The Stress Release of the Breath

We do it every minute of every day, and most of us take it for granted—breathing is so automatic that we might just not pay close enough attention to it. From my personal experience with people who have Parkinson’s, they tend to be shallow breathers. We all can tend to unintentionally hold our breath in times of stress or awe and not even realize that we are doing it.

Mindful breathing helps with dyskinesias

I have noticed that at times of dyskinesia, I tend to breathe shallowly and reduce my lung capacity, unknowingly. Once realizing that my breath is shallow, and I can focus on my breath, the awareness of the body and mind connection gets re-punted. I think of it as a computer getting a reboot. Being mindful and focused on your breath can be extremely calming, centering, and relaxing.

Mindful breathing helps with a panic attack

About ten years ago, I had what I thought might have been a heart attack, but discovered that it was a panic attack. Trying to qualm the panic attack, even with the numerous tools that I have available to me was a tremendous challenge. My first and most pressing challenge was to calm my breathing and reduce my rapidly beating heart. As difficult as it was, I noticed that when I was able to concentrate on my deeper breathing and less focused on outside distractions, my quick beating heart slowed back to a normal rhythm.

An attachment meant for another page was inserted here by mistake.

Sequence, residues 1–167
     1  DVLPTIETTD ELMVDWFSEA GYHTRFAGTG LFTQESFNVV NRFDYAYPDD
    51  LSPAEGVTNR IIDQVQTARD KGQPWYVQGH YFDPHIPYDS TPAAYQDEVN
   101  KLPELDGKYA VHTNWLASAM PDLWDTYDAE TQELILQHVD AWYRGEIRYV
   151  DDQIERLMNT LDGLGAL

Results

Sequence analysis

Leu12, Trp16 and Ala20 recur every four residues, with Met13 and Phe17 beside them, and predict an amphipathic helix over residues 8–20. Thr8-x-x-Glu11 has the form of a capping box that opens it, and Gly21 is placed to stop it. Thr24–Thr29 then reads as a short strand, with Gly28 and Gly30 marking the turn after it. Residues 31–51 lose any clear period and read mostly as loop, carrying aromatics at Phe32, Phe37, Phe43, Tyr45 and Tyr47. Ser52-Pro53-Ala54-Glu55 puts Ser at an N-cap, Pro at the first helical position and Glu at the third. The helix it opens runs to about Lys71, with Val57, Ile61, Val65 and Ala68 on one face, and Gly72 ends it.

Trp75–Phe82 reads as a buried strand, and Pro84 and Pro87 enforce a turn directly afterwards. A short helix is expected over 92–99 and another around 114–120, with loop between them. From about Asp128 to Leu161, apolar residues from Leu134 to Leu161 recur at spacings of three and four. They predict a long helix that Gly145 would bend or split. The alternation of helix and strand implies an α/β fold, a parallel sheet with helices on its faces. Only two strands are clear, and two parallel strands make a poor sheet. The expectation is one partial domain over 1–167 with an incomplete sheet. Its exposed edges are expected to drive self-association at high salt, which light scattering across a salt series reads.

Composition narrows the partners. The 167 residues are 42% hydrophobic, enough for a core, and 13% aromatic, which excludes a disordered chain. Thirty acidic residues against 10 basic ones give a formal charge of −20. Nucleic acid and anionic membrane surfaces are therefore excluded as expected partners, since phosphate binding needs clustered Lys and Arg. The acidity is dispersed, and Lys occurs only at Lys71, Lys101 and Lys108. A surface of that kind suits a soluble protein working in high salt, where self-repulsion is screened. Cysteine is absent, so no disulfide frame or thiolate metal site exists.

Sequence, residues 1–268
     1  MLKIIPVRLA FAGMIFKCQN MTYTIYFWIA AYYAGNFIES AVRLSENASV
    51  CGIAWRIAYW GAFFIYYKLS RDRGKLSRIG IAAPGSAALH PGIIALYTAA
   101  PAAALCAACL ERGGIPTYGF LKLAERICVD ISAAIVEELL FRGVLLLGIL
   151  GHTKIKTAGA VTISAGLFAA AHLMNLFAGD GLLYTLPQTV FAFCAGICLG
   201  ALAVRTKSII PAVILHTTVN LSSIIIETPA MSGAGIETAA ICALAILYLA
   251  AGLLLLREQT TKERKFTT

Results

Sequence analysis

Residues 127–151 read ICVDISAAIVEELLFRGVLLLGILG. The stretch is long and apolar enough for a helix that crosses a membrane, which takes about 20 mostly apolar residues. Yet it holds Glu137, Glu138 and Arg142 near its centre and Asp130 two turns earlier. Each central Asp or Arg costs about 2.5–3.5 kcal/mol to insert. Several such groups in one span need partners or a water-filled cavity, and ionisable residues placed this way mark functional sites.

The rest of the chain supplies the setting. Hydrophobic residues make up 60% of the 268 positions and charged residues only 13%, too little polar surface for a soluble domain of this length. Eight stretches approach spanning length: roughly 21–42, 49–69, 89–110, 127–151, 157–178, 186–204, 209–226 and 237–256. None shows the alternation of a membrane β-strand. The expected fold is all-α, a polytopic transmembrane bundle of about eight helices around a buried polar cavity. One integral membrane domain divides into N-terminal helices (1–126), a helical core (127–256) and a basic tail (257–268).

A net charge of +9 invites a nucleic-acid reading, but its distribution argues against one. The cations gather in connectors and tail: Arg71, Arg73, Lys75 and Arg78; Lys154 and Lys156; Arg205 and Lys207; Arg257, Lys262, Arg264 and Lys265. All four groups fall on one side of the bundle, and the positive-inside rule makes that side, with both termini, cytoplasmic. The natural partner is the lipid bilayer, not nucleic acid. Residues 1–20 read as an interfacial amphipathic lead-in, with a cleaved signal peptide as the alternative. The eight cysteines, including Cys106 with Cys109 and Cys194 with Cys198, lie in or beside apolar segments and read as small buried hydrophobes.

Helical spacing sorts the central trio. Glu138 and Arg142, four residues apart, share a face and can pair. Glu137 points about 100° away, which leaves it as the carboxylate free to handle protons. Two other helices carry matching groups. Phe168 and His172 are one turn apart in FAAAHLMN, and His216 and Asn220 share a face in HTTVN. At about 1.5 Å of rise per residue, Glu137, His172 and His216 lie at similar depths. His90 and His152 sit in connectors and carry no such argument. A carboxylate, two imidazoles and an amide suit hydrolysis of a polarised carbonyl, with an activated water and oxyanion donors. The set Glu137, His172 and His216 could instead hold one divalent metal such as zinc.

Mindful breathing helps with stress

The breath can seem to be subtle but have a huge distinction. Our breathing can be a good indicator of the stress on our body and the efficiency of our respiratory system. Allergies, colds, and irritants can interfere with the fluidity of the breath. Be sure to pay close attention to the rhythm and the pattern of your breath. Try to keep your inhalation and exhalation of equal lengths. Notice the muscles that you are using and the amount of effort that your body requires to oxygenate your lungs.

How to breath mindfully

A good but simple and calming meditation is one that quiets the mind and stays focused on the breath.

  • Choose a quiet spot.
  • Close your eyes or focus on a point in the room.
  • Take some deep breaths and try to clear your mind of all thoughts.

Clearing the mind and focusing on the breath takes practice and effort. It is well worth your time! Meditation and breathing go hand in hand.

This article represents the opinions, thoughts, and experiences of the author; none of this content has been paid for by any advertiser. The ParkinsonsDisease.net team does not recommend or endorse any products or treatments discussed herein. Learn more about how we maintain editorial integrity here.

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